Before you decide to reconcile, consider these two factors. Michelle says her experience as a divorce mediator and as a divorced woman have shown her how important these issues are.
1. Be clear about what you miss about your relationship with your ex
“Sometimes women miss the idea of a relationship or their ex husbands,” says Michelle. “I got back together with my ex and later realized I didn’t miss him. I missed who I thought he was. I missed the idea of being married.”
What is the REAL reason you’re thinking about getting back together? Once you’re satisfied with your answer to that question, ask what has changed since you broke up that is likely to increase your chances of success the next time around? If reconciliation is still a possibility, ask your ex the same questions and insist on emotionally honest answers.At this point you’ll probably have a pretty good idea of what the right decision is for you.
2. Consider how your kids will be affected
Many unhappy couples stay together “for the sake of the children.” Others separate and then reconcile for the same reason. Undoubtedly there are circumstances in which this is indeed the best decision for the children, but the world is full of dysfunctional adults who were raised by parents who either stayed in or returned to dysfunctional relationships. Basing your decision to reconcile solely on what’s best for the kids may be a mistake. Many grown kids of couples who stayed together for the wrong reasons know firsthand that growing up in a dysfunctional household had a negatively effect on their ability to have healthy relationships.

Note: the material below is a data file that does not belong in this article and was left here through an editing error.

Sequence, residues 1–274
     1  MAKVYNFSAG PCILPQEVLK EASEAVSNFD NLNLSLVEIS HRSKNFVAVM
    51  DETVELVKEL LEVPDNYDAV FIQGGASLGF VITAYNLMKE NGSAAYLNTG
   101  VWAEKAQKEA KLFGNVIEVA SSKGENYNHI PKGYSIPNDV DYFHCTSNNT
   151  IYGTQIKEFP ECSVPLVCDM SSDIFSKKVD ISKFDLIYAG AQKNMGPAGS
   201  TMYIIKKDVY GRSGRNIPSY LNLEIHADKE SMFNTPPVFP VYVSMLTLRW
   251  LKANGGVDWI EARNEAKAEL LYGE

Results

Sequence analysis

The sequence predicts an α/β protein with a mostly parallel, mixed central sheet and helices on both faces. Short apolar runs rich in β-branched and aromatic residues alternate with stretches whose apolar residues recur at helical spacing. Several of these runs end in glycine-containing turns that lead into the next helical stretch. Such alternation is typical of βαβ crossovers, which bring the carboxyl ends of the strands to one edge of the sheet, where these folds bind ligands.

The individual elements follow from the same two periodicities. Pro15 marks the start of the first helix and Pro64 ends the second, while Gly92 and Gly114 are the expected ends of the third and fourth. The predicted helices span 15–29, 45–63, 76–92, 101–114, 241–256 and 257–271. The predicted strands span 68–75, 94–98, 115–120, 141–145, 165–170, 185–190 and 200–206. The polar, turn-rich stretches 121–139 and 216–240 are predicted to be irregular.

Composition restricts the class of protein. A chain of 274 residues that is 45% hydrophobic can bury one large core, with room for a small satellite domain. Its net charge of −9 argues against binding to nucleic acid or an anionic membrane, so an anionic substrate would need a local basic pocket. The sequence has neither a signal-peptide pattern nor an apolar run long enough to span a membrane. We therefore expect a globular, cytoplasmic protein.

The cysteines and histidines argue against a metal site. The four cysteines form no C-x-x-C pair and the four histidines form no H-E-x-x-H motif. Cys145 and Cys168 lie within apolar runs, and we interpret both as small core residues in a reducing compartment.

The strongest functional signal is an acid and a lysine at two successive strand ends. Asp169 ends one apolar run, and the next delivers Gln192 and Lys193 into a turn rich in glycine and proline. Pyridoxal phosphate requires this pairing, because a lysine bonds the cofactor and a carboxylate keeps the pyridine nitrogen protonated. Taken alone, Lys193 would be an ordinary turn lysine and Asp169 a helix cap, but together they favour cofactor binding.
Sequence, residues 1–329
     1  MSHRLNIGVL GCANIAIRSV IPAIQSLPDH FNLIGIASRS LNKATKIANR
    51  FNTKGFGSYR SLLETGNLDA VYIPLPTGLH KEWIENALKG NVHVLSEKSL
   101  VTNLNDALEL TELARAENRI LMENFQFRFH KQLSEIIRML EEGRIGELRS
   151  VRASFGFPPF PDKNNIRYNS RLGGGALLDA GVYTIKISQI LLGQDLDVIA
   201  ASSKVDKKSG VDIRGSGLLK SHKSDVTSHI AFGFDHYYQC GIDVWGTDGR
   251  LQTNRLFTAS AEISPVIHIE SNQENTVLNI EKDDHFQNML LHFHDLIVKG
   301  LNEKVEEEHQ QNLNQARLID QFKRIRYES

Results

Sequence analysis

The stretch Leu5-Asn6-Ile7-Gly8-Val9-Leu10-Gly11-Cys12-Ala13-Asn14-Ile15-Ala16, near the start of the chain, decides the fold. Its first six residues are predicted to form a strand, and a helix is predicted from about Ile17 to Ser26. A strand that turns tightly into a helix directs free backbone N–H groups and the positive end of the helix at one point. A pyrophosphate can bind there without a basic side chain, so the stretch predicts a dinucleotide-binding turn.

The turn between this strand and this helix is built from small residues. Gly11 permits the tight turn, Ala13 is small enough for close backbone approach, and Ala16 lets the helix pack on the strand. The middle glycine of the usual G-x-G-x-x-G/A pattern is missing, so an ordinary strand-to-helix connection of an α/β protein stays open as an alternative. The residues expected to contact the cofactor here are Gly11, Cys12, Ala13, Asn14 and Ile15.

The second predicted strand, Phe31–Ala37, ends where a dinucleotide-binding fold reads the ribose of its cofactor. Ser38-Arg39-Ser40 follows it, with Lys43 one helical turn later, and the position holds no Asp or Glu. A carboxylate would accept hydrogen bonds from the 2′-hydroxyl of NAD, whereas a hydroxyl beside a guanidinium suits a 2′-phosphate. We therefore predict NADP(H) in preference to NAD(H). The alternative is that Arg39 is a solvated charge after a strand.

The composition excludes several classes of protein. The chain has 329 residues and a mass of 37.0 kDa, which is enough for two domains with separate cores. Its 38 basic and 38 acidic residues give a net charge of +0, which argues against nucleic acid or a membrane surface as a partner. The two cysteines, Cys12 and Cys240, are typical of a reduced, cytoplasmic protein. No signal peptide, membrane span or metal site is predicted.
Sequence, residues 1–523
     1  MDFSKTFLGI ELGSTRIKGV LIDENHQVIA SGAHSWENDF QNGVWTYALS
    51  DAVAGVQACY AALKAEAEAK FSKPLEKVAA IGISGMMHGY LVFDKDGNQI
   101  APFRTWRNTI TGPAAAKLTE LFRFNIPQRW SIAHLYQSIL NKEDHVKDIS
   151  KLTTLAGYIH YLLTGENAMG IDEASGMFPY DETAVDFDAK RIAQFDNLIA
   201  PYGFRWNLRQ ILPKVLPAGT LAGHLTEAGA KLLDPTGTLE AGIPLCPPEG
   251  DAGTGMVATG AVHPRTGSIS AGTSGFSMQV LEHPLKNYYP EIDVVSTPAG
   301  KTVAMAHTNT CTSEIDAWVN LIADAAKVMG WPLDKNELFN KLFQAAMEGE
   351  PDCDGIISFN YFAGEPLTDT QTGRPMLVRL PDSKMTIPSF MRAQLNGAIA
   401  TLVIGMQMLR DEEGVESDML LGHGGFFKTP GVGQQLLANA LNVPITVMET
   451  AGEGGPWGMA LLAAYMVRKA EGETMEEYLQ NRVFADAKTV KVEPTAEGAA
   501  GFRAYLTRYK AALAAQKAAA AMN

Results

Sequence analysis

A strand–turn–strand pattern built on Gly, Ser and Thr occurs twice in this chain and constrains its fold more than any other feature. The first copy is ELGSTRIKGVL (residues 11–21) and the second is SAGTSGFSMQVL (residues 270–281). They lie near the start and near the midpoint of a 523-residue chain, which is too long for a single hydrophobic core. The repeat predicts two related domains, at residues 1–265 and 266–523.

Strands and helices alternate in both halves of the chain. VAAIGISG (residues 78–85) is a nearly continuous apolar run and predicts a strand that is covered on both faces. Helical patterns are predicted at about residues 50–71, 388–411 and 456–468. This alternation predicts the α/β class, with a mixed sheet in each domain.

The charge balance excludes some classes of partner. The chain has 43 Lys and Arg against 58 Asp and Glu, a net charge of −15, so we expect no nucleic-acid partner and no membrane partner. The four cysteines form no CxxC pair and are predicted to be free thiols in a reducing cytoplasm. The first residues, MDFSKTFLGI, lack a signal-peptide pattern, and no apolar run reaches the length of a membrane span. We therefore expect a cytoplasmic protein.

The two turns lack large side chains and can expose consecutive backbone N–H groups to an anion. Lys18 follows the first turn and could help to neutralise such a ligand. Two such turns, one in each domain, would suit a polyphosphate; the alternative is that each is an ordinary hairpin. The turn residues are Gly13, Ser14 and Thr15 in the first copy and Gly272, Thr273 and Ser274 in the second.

“Whether we like it or not, our children learn about life and love by watching the way us parents interact with them and each other,” says Michelle. “If there are children involved, think carefully about the lessons you are teaching your children by your actions, whether you decide to stay apart or get back together.”
In Marriage on the Mend: Healing Your Relationship After Crisis, Separation, or Divorce, Clint and Penny Bragg share their story of marriage, separation, divorce, reconciliation, and remarriage after living apart for 11 years.
This couple knows firsthand about the difficult work of restoration and rebuilding a marriage with an ex after separation and reconciliation. The Braggs know that couples who reconcile after separation or divorce face a unique set of challenges, including unresolved arguments, poor communication habits, unforgiveness, and betrayed trust.
Do both you and your ex want to reconcile? Are you struggling with the decision to get back together because you’re worried reconciliation is a mistake? Read What You Need to Know About Reconciling After a Separation.